Max Twigg and Tony D’Alberto won a thrilling Highlands 501 in the WM Waste Management Mercedes-AMG GT3, capping off the 2017 CAMS Australian Endurance Championship in style.
Twigg and Storey emerged as firm contenders early in the race before moving into the lead in the closing stages.
“We’re thrilled,” said Twigg after claiming his maiden Australian Endurance Championship victory. “We had a win in the sprint series, we’ve had a win in the enduro series now; second last round, first this round!”
“The car had great pace through the stint,” added D’Alberto. “Max did an awesome job in his stint, and really set us up for the win.
“He put the car at the front, had good lap times, you can’t ask for anything more – I’m really happy.”
They headed home Highlands professional driver Andrew Waite and Tony Quinn in the Darrell Lea McLaren 650S GT3, who battled their way to a solid second place.
Rounding out the podium was Adrian Deitz and Cameron McConville, the Timken Zagame Autosport Lamborghini Huracan enjoying a strong race to end the season on a high.
The action-packed race saw the fate of the championship hang in the balance on multiple occasions, with incidents throughout making for an astounding 501-kilometer encounter.
The early stages saw Mike Whiddett lead after co-driver Shane van Gisbergen proved the fastest on foot in the iconic Le Mans start, holding the advantage before taking a splash of fuel under an early safety car on Lap 8.
It dropped the Darrell Lea McLaren to second behind Peter Hackett in the Autex Eggleston Motorsport Mercedes-AMG GT3, the pair having been locked in battle prior to taking service.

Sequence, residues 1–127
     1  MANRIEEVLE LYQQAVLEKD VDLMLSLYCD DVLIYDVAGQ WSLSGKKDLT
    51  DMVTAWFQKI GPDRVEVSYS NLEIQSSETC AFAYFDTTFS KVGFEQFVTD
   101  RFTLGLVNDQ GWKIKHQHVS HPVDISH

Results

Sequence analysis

However, his race came to an early end after a backmarker made contact with the second-place runner, leaving Whiddett in the gravel at the penultimate corner with terminal damage.
From the restart, Hackett controlled the race before handing the car to Dom Storey on Lap 57 with a comfortable 20-second advantage over D’Alberto, who’d taken over from Twigg on the previous lap.
A solid early stint from Tim Miles saw the Valvoline Jamec Pem Racing Audi in strong contention, Jaxon Evans emerging in second place after the compulsory pit stops were completed.
Evans, Storey and D’Alberto then traded fastest laps before a mistake saw the Audi brush the wall entering the Southern Loop.
It proved a championship defining moment, ultimately ending the race for the Miles/Evans combination.
The battle for the race lead then heated up as D’Alberto and Storey ran nose to tail at near lap-record pace, only for a steering issue forcing Storey to slow with six laps remaining.
Swift work from the Eggleston Motorsport crew saw Storey re-join sixth, a result which proved enough to win the 2017 CAMS Australian Endurance Championship (separate release to follow).
Running an alternate strategy, a brilliant stint from Dylan O’Keeffe laid the foundations for the BMW Team SRM M6 GT3, leading for a time before their strategy saw them drop two laps behind the leaders.
The race, however, came back to them, with Steve Richards running fourth once the compulsory pit stops had completed.
An electrical problem forced the car into pit lane on Lap 91, and though the team managed to get it back on track the car was soon a retirement after a promising performance.
Liam Talbot and John Martin were early retirements after contact on the opening lap left the Mega Racing Porsche 911 GT3-R with damaged steering, ending their championship hopes.
Victory for Twigg and D’Alberto was their first in the CAMS Australian Endurance Championship, while second for the #7 Darrell Lea entry meant a Quinn has finished on the podium at every Highlands 101 or 501.
Third place for the Detiz/McConville marked the duos best result together, and both Deitz’s and the Lamborghini Huracan’s first Australian GT podium.
The Highlands 501 rounded out the 2017 CAMS Australian Endurance Championship, with title winners Storey and Hackett set to receive their trophies at a presentation in Melbourne at the end of the month.